Every man of us uncovered his head as he rode towards the melancholy place. I noticed a little rosary, which had been carefully tended, but horses had ridden through it, and the blossoms were trailing crushed on the ground. There was a flower garden too, much trampled, and in one corner a little stream of water had been led into a pool fringed with forget-me-nots. A tiny water-wheel was turning in the fall, a children’s toy, and the wheel still turned, though its owners had gone. The sight of that simple thing fairly brought my heart to my mouth.
That inspection was a gruesome business. One of the doorposts of the house still stood, and it was splashed with blood. On the edge of the ashes were some charred human bones. No one could tell whose they were, perhaps a negro’s, perhaps the little mistress of the water-wheel. I looked at Ringan, and he was smiling, but his eyes were terrible. The Frenchman Bertrand was sobbing like a child.
We took the bones, and made a shallow grave for them in the rosary. We had no spades, but a stake did well enough to dig a resting-place for those few poor remains. I said over them the Twenty-third Psalm: “Yea, though I walk through the valley of the shadow of death, I will fear no evil; for Thou art with me; Thy rod and Thy staff shall comfort me.”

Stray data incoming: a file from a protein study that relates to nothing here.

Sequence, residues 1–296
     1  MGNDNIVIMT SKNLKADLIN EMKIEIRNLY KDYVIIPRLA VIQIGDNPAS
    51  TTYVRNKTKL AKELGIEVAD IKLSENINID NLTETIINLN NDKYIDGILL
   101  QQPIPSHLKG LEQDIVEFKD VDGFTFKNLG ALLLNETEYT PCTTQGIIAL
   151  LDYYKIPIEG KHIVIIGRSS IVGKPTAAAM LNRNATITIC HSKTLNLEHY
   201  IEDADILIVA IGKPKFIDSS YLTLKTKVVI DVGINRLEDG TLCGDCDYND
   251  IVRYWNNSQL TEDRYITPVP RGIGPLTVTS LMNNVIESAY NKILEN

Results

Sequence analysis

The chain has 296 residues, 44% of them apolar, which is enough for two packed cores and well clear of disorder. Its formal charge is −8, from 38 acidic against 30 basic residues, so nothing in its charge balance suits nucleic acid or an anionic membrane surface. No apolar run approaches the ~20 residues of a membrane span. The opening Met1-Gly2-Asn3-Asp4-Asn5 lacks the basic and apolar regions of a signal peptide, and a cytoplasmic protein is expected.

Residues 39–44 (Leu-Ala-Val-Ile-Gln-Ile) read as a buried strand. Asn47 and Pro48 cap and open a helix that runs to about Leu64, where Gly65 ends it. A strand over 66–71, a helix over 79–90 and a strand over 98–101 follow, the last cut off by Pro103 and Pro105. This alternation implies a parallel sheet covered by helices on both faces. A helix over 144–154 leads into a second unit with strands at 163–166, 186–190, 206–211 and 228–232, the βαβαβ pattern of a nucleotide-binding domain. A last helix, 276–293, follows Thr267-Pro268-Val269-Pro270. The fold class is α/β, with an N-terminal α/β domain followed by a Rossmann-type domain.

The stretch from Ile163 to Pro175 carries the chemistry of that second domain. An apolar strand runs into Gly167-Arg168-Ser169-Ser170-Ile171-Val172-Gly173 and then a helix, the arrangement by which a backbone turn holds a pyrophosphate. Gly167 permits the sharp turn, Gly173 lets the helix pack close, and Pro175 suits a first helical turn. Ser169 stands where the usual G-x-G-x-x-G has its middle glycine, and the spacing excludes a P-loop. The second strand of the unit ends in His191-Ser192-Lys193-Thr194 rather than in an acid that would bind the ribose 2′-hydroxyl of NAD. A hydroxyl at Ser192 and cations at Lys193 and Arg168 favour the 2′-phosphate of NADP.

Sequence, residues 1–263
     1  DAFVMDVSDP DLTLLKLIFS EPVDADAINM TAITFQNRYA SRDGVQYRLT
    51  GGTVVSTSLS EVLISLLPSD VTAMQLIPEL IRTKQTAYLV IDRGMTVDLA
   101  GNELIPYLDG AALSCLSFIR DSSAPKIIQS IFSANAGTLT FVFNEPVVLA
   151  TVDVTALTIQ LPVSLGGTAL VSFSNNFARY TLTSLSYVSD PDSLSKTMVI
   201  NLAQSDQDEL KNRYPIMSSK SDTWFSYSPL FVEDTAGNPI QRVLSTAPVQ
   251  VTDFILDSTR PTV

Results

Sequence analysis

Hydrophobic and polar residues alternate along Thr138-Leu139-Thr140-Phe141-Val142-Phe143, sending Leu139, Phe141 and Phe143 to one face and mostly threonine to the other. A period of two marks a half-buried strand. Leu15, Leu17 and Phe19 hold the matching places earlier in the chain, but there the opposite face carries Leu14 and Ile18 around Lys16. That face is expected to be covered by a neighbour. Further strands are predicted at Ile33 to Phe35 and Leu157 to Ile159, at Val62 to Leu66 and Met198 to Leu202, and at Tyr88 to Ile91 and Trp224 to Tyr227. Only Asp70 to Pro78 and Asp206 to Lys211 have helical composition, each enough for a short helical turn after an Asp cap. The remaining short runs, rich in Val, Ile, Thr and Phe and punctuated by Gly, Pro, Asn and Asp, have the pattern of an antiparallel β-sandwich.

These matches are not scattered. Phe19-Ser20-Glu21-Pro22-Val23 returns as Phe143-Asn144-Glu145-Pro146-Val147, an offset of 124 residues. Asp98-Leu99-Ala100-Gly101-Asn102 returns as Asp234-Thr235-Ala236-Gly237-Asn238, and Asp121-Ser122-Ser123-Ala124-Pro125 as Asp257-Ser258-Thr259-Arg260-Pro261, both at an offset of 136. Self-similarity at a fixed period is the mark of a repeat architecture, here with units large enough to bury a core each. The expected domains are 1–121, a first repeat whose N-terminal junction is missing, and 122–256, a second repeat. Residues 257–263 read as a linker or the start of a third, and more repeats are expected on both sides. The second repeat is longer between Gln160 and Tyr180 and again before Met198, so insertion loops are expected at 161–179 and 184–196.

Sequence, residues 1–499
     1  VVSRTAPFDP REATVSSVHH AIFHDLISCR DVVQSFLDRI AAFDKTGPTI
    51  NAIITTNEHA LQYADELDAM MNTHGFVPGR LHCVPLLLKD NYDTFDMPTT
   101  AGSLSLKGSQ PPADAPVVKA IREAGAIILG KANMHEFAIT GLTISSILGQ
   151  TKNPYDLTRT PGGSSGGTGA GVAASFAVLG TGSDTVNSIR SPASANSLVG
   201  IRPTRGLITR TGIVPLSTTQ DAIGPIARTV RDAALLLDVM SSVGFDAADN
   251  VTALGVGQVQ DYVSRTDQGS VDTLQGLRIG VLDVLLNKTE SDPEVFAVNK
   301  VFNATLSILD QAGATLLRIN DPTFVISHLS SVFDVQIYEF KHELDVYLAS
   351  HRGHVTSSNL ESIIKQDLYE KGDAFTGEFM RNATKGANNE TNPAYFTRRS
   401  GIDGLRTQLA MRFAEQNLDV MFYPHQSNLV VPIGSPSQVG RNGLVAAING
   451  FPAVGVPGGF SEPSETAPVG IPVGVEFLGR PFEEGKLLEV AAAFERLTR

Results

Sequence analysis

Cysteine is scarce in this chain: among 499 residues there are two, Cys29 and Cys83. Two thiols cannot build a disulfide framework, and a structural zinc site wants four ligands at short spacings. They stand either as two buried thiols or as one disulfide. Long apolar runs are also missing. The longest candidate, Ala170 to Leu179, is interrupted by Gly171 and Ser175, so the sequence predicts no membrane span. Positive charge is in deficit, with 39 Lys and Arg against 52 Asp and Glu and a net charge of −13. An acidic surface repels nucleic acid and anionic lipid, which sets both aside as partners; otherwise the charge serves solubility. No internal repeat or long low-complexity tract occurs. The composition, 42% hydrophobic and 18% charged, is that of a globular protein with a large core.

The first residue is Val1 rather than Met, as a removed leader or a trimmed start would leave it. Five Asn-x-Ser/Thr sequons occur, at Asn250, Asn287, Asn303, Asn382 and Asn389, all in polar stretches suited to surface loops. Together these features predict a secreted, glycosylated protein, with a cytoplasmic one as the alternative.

Then suddenly our mood changed. Nothing that we could do could help the poor souls whose bones lay among the ashes. But we could bring their murderers to book, and save others from a like fate.
We moved away from the shattered place to the ford in the river where the road ran north. There we looked back. A kind of fury seized me as I saw that cruel defacement. In a few hours we ourselves should be beyond the pale, among those human wolves who were so much more relentless than any beasts of the field. As I looked round our little company, I noted how deep the thing had bitten into our souls. Ringan’s eyes still danced with that unholy blue light. Grey was very pale, and his jaw was set grimly. Bertrand had ceased from sobbing, and his face had the far-away wildness of the fanatic, such a look as his forbears may have worn at the news of St. Bartholomew. The big man Donaldson looked puzzled and sombre. Only Shalah stood impassive and aloof, with no trace of feeling on the bronze of his countenance.
“This is the place for an oath,” I said. “We are six men against an army, but we fight for a holy cause. Let us swear to wipe out this deed of blood in the blood of its perpetrators. God has made us the executors of His judgments against horrid cruelty.”
We swore, holding our hands high, that, when our duty to the dominion was done, we should hunt down the Cherokees who had done this deed till no one of them was left breathing. At that moment of tense nerves, no other purpose would have contented us.
“How will we find them?” quoth Ringan. “To sift a score of murderers out of a murderous nation will be like searching the ocean for a wave.”